News - from the past & the present

An ex-slave lived to the age of 121 in Alabama and died in 1976 [photographs of ex-slaves]

Interesting newspaper article from Rome News Tribune January 13, 1976, Rome, Georgia

Elba, Alabama –

Charlie Porter, born a slave 121 years ago and perhaps the oldest man in Alabama, has died in the tin shack where he lived for decades without electricity or a telephone.

Uncle Charlie Porter and Gov. George Wallace, on Courthouse square in Elba – picture taken by Sandy Bynum from Nell Gilmer

Uncle Charlie with Clive Collier, John Collier and Will Martin picture taken by Sandy Bynum from Nell Gilmer

Well-known in the town of Elba

“Uncle Charlie,” as he was known in the rural southeast Alabama town where he lived his entire life, was found dead in his shack by friends Monday afternoon. Authorities said he died of natural causes.

Porter’s age was based on a Medicaid card which listed his birth date as July 1854. A local funeral home is searching for relatives, and funeral services have been scheduled for Friday at Elba Zion Baptist Church.

Uncle Charlie Porter picture taken by Sandy Bynum Nell Gilmer

Active despite his age

Despite his age, Porter was active even in the last years of his life, routinely setting out for Elba each morning on foot. He usually picked up a ride along the way, and once in town, with knapsack over his shoulder, he would purchase a jug of city water and return home.

Front row seat with First Lady

Last September, when Gov. George C. Wallace’s wife, Cornelia, was honored in her hometown of Elba, Porter was honored also by being given a front row seat on the parade reviewing stand with the states First Lady.

 Uncle Charlie Porter picture picture taken by Sandy Bynum from Nell Gilmer

He was born a slave, whose name changed as he was sold to different families. He was owned by the Porters, and kept their name, at the time of emancipation.

Beloved black man

This information about Charlie Porter is on Elba’s city information page.

One of the most colorful residents in recent memory was Uncle Charlie Porter. He was a beloved black man who was born onto slavery and lived to be about 122 years old. He lived on Railroad Hill on the Old Samson Highway with his wife Quida Weedy. The couple did not have any children. This much loved, unique citizen walked to town everyday, wearing his overalls, black felt hat and brogan shoes. He always had a beard. Also, he carried a burlap sack over his shoulder, which held personal items and purchases of the day. His very loud, but pleasant voice could be heard for blocks.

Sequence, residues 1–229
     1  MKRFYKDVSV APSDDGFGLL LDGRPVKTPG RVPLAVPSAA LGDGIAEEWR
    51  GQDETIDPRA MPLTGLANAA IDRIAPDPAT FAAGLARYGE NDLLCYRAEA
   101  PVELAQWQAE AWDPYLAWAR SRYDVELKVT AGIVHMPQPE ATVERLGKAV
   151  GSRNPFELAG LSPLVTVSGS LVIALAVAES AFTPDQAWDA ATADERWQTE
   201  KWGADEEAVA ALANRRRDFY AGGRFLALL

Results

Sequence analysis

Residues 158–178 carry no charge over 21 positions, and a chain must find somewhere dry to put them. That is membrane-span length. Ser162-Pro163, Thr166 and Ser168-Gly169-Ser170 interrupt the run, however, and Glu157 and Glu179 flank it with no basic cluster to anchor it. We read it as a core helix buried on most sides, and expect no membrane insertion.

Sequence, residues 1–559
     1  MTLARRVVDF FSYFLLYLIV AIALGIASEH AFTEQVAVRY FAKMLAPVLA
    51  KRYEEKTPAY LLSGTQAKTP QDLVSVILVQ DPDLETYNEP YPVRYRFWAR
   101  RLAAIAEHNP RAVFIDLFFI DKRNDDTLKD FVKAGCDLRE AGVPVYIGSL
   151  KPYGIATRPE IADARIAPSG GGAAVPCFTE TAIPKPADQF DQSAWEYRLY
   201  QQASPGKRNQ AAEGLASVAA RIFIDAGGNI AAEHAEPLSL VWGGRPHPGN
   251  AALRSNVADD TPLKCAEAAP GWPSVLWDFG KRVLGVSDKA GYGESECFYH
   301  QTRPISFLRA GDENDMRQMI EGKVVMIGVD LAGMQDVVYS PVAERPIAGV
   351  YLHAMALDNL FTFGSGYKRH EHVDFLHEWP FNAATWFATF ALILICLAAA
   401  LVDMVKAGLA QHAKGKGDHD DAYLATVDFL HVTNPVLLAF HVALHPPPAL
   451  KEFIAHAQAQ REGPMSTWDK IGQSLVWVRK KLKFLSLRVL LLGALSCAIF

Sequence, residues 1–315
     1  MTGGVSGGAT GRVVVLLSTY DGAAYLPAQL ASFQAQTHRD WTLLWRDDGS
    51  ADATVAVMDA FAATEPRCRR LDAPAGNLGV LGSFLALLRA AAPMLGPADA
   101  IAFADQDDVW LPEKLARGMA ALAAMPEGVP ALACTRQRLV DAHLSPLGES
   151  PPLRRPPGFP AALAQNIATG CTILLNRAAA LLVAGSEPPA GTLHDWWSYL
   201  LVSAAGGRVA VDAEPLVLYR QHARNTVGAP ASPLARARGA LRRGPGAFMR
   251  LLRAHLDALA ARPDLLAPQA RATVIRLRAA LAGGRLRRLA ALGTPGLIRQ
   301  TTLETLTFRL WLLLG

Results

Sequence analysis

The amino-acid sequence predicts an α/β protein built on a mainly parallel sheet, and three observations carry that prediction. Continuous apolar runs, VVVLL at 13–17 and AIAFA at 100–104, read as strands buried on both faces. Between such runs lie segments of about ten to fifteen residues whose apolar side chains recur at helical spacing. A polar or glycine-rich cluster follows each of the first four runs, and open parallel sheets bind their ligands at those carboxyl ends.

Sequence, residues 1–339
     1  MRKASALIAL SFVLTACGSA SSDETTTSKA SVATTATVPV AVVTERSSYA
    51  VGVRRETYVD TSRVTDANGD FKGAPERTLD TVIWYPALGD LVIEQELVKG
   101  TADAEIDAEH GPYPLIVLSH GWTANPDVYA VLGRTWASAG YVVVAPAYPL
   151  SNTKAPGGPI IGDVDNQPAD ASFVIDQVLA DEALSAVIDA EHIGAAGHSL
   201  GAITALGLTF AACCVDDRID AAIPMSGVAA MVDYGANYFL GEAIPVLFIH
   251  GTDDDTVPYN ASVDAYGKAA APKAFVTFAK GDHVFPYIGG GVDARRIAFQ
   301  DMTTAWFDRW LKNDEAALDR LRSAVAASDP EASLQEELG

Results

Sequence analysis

Uncle Charlie Porter picture taken by Sandy Bynum from Nell Gilmer


His funeral program says that he is buried in the Evergreen, the city cemetery, but there’s not a marker and the funeral home has a new owner and there’s nobody around who knows exactly where Uncle Charlie is buried.  We are going to put a monument in an old section of the cemetery where many black families were buried before the new section opened up for all to be buried; not segregated.

ALABAMA FOOTPRINTS Exploration: Lost & Forgotten Stories (Volume 1) is a collection of lost and forgotten stories about the people who discovered and initially settled in Alabama.

Some stories include:

  1. The true story of the first Mardi Gras in America and where it took place
  2. The Mississippi Bubble Burst – how it affected the settlers
  3. Did you know that many people devoted to the Crown settled in Alabama –
  4. Sophia McGillivray- what she did when she was nine months pregnant
  5. Alabama had its first Interstate in the early days of settlement

About Donna R Causey

Donna R. Causey, resident of Alabama, was a teacher in the public school system for twenty years. When she retired, Donna found time to focus on her lifetime passion for historical writing. She developed the websites www.alabamapioneers and All her books can be purchased at and Barnes & Noble. She has authored numerous genealogy books. RIBBON OF LOVE: A Novel Of Colonial America (TAPESTRY OF LOVE) is her first novel in the Tapestry of Love about her family where she uses actual characters, facts, dates and places to create a story about life as it might have happened in colonial Virginia. Faith and Courage: Tapestry of Love (Volume 2) is the second book and the third FreeHearts: A Novel of Colonial America (Book 3 in the Tapestry of Love Series) Discordance: The Cottinghams (Volume 1) is the continuation of the story. . For a complete list of books, visit Donna R Causey

Liked it? Take a second to support Alabama Pioneers on Patreon!


  1. Adam Walton

    What an intriguing story, as I am almost sure that would make him the oldest man to have ever lived.
    The oldest verified, was a French woman that chain smoked and lived to 122. Yikes.

  2. Barbara McGilvary Ross

    I remember seeing Mr. Porter in Elba.

  3. Katie Allred

    That new share bar blocks all the content on the left, making it difficult to read on an iPhone 5s. Redevelop?